0:03:35.5 Chase Cunningham: It's good that there are folks that see that there's value to a strategy that makes sense. I'm sick and tired of hearing people complain about the buzzword and whatever else and all the “hater-ade” that comes along with it. I'm working on a blog right now about if you don't buy what we're selling and you don't think this makes sense, please continue being stupid in doing what you're doing, and you're going be the one that's the slow gazelle. Go ahead! I am to the point now that if there's this massive market moving and all this adoption and I'm... I had calls yesterday with people in Argentina, I'm going to speak in Columbia next month on ZT. If the whole world thinks this is a real thing and you, the haters, don't, fine. Be a hater, and let me know when you get your ass handed to you and then come talk to me about ZT.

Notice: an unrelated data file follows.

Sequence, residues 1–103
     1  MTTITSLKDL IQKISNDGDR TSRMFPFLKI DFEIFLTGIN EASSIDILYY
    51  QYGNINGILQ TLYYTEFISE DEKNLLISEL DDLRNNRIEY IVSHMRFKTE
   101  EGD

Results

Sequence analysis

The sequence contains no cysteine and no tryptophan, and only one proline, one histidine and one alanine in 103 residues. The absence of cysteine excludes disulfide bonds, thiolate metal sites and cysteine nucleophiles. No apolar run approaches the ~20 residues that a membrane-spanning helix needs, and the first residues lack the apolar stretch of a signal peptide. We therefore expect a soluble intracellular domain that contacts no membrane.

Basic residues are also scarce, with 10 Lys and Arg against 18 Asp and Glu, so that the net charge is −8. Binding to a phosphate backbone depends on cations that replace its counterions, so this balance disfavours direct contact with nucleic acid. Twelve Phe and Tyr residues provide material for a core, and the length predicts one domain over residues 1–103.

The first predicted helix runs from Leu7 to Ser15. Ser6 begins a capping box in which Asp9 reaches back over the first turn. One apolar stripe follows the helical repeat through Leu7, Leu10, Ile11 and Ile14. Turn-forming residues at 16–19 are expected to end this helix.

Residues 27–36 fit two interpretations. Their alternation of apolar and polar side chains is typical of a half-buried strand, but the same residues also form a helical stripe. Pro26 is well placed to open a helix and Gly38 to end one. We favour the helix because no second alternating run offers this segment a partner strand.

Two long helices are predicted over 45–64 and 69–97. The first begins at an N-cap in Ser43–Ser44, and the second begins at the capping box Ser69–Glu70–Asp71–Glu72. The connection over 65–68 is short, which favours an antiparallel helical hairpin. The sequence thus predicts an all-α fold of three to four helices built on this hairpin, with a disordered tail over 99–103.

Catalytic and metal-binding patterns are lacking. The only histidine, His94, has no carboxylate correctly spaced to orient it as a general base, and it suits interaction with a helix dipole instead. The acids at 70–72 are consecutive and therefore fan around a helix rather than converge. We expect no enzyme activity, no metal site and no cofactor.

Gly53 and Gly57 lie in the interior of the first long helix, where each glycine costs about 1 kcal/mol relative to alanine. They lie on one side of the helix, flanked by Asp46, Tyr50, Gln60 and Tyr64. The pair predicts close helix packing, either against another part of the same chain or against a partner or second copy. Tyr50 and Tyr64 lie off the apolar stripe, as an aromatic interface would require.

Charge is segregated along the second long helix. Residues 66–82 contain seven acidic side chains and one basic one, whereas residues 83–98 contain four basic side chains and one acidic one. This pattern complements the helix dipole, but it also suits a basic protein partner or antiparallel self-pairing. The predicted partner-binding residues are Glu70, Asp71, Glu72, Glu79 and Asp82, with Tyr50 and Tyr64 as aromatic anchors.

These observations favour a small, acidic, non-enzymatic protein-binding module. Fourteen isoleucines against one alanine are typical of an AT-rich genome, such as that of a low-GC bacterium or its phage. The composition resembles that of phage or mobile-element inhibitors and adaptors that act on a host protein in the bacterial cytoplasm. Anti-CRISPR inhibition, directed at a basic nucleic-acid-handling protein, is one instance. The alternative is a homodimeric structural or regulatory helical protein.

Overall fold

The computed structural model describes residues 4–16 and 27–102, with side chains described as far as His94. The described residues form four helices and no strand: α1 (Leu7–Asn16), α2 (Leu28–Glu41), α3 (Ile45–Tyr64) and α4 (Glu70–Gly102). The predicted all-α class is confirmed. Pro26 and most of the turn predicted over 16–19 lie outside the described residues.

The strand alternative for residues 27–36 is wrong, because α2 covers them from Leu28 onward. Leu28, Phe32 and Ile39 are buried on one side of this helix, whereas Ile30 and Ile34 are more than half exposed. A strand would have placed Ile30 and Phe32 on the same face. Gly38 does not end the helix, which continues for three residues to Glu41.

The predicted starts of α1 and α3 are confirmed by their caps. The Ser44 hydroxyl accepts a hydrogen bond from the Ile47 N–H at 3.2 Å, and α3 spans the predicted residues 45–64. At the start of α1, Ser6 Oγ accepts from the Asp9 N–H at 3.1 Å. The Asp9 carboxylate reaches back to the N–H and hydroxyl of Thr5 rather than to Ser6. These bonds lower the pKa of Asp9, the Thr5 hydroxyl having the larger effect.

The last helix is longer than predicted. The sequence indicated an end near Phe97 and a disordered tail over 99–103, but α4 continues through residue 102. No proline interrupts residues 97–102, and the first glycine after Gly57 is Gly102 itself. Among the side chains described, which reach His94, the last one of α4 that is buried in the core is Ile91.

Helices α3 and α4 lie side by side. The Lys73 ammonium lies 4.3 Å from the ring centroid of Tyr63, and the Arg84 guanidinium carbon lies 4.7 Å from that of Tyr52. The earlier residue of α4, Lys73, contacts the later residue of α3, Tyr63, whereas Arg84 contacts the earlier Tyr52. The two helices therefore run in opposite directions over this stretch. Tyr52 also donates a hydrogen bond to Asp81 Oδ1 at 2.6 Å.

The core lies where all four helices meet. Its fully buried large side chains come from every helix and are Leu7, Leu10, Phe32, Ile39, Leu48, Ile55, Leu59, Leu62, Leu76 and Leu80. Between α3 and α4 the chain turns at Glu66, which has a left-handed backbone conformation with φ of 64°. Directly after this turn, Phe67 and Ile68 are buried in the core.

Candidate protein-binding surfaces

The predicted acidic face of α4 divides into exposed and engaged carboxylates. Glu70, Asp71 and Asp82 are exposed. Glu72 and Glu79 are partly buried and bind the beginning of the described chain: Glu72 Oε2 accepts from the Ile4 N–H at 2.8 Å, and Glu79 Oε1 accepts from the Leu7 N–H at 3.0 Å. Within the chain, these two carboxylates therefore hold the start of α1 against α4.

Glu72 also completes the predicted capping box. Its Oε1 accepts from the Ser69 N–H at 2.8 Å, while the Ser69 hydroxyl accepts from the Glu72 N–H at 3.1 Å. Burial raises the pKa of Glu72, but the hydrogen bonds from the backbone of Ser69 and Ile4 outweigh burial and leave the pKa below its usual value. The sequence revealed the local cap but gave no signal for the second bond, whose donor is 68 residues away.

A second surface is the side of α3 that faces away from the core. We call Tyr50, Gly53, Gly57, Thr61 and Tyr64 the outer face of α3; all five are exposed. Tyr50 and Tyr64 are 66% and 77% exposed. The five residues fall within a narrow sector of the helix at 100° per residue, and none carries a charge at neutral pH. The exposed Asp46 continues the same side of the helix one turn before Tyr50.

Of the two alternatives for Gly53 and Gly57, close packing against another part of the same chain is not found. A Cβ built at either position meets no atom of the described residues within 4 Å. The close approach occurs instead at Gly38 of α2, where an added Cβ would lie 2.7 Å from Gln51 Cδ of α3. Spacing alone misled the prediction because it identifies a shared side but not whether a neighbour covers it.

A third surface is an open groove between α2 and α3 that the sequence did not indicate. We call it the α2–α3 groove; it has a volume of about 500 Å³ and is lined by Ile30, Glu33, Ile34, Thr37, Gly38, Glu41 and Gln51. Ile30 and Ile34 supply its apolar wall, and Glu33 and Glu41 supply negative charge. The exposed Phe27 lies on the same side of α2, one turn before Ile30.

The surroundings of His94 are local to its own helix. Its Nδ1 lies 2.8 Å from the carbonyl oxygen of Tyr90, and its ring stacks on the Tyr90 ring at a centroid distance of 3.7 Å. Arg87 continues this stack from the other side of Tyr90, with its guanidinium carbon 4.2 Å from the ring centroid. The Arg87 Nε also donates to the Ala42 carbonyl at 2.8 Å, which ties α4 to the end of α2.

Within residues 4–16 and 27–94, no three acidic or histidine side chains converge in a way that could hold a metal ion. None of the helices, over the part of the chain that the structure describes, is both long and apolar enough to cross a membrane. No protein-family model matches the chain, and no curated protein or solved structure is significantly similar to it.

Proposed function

0:04:26.7 Raghu Nandakumara: So yeah, I'm in agreement. Otherwise, we wouldn't be doing this. And you look around and you say, “Okay, what was the tipping point?” Because there was enough in terms of the actual premise behind why Zero Trust. It's common sense. But it's taken forever for people to almost reach that level of common sense. What was the tipping point in your opinion?
0:04:56.5 Chase Cunningham: I think COVID was the gas on the fire that was needed because there was such a move to figure out really quickly how to keep businesses up and running. And then how to also not just open the door writ large and go, “I hope we don't get pwned to the nth degree.” Enough people had an opportunity, a crisis, an opportunity, a “crisistunity” to step back and go, “Okay, we can do something different, and here's how we can do something that makes a little bit more sense.” Because, obviously, we had proof that the other model didn't work, and now with remote and all the other things that we're seeing – and I think I read a paper this morning about how hybrid is kind of been accepted now as the way that work is going to look like – maybe not everybody has to be in the office. That reality requires us to have that sort of approach, and ZT just happened to be in the right place at the right time with technology that evolved to enable that thing.